Unfavorable planting conditions this spring commonly delayed, and in some cases, prevented crop planting. Producers looking to plant a cover crop to meet the requirements of their insurance coverage must work with their insurer on the details of the policy, and also be mindful of the legal requirements for selling and buying agricultural seed, which includes cover crop seed.
Buying grain from an elevator for the purpose of planting is not legal, because almost all seed varieties have some form of intellectual property protection that restricts the use and sale of the variety under the federal Plant Variety Protection Act (PVP). Violations of this act can lead to significant fines for both the seller and the buyer. And, the grain likely contains patent-protected traits. Thus, it is also illegal to plant or sell grain out of a bin, often referred to as “brown bagging” or “bin-run” seed.
Finally, all agricultural seed sold in Iowa and surrounding states must be properly tested, labeled and permitted.
The distribution of uncleaned grain as seed can also substantially add to farmers’ weed seed banks as well as clog the planter. The Illinois Crop Improvement Association recently collected a sample of the screenings from a small batch of feed oats and had a Registered Seed Technologist (RST) analyze its content. The results, representing the potential weed seed in approximately five bushels of feed oats, include 4,106 green foxtail seeds, 957 yellow foxtail seeds and 91 lambsquarter seeds, among a variety of other crop and weed seeds found in the sample.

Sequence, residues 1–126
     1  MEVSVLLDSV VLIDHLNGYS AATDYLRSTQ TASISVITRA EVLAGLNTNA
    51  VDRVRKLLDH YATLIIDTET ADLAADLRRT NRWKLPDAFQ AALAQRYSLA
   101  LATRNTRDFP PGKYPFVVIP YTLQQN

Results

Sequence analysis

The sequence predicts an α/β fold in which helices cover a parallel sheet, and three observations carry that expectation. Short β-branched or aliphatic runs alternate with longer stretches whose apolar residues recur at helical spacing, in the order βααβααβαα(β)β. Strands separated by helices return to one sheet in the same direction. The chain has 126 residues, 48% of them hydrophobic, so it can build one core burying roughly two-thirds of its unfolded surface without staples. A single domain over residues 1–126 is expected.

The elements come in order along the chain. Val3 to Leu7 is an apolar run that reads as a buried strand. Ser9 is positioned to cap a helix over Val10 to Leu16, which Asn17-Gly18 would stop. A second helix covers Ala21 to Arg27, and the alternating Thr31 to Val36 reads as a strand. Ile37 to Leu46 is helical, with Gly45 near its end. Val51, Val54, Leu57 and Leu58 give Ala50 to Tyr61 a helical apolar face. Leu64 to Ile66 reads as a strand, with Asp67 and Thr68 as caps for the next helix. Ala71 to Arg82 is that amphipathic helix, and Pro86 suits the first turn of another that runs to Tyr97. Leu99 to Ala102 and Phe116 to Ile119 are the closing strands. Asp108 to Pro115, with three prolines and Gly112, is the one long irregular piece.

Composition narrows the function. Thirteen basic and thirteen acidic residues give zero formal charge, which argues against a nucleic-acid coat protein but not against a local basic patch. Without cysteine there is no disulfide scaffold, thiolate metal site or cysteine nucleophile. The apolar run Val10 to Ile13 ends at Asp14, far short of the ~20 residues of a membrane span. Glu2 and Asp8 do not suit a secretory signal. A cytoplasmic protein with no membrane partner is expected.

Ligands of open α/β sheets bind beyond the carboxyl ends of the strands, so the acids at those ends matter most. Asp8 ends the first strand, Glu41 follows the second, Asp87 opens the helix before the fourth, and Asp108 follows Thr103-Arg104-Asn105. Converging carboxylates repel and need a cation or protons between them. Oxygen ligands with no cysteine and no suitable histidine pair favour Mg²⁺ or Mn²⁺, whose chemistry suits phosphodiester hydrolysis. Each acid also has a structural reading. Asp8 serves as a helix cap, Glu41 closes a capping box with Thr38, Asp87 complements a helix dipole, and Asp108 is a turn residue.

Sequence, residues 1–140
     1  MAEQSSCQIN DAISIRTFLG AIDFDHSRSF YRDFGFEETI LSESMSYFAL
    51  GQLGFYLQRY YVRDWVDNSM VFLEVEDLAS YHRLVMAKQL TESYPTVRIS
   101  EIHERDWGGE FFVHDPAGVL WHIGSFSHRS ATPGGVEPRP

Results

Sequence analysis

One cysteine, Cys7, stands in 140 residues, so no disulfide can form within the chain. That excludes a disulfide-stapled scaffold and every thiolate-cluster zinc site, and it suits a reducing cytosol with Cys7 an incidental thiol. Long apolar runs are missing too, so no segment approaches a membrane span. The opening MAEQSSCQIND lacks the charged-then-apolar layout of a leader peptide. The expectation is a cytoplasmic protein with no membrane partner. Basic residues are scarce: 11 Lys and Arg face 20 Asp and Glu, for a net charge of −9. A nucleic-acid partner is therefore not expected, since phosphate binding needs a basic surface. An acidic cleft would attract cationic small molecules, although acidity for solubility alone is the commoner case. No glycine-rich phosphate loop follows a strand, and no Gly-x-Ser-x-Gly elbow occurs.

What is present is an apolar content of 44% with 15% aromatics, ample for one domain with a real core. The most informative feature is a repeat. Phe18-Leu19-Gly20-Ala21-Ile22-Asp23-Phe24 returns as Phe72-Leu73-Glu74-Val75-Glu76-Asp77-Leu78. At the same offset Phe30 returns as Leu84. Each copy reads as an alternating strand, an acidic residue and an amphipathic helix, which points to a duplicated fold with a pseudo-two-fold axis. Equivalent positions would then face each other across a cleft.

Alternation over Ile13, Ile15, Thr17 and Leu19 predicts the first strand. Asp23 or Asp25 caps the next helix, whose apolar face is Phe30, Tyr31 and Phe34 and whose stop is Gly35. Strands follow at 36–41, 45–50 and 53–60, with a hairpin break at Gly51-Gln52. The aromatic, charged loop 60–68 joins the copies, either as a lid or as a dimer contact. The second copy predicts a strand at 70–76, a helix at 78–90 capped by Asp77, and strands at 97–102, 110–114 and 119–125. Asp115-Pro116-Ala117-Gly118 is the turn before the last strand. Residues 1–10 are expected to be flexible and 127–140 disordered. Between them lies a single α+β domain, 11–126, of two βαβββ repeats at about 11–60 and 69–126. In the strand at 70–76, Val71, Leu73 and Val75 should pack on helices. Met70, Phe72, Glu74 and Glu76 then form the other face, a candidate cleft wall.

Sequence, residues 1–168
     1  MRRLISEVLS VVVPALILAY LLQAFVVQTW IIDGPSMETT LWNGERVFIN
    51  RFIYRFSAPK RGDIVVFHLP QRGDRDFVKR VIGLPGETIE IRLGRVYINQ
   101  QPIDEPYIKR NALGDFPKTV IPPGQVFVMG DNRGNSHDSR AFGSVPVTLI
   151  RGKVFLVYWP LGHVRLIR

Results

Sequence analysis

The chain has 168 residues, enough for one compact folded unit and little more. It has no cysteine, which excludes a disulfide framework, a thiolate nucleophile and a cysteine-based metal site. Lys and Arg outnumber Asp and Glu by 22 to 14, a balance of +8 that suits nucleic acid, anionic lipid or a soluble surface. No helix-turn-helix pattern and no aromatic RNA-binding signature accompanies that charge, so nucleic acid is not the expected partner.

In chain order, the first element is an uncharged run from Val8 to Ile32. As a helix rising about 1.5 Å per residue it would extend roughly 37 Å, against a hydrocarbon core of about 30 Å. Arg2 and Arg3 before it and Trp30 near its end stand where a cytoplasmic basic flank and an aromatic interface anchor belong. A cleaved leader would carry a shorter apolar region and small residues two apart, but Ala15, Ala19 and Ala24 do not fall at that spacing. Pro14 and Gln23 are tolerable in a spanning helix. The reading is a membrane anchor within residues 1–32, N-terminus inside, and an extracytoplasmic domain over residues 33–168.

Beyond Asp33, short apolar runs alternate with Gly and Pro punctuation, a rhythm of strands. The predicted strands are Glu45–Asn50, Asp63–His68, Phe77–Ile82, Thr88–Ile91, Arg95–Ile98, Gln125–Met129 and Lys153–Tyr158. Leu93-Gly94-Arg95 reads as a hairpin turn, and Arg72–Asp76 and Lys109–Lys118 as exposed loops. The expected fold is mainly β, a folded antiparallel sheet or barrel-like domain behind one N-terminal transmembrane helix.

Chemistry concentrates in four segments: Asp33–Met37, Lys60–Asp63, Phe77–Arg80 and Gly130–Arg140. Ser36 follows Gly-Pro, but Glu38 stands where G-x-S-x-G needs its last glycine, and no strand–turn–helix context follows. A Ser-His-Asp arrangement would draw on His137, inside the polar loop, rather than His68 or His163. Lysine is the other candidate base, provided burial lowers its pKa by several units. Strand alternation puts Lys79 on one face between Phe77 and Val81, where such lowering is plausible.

If farmers are buying seed to sow on their land, IDALS offers the following advice:
- Make sure the seed has a full seed label.
- Confirm the seed has been tested for noxious weed seeds, including Palmer amaranth.
- Make sure that it is a legal sale by asking the seller if they have the legal authority to sell the product, especially important if the seed is labeled “variety not stated” (VNS).
- Ask about the variety of seed. A variety protected by the Plant Variety Protection Act must be sold by variety name and may be required to be sold as a class of certified seed.
If a farmer or business would like to sell agricultural seed in Iowa, please contact IDALS about the permitting process as well as record keeping and seed sample retention requirements, Entomology@IowaAgriculture.gov or (515) 725-1470.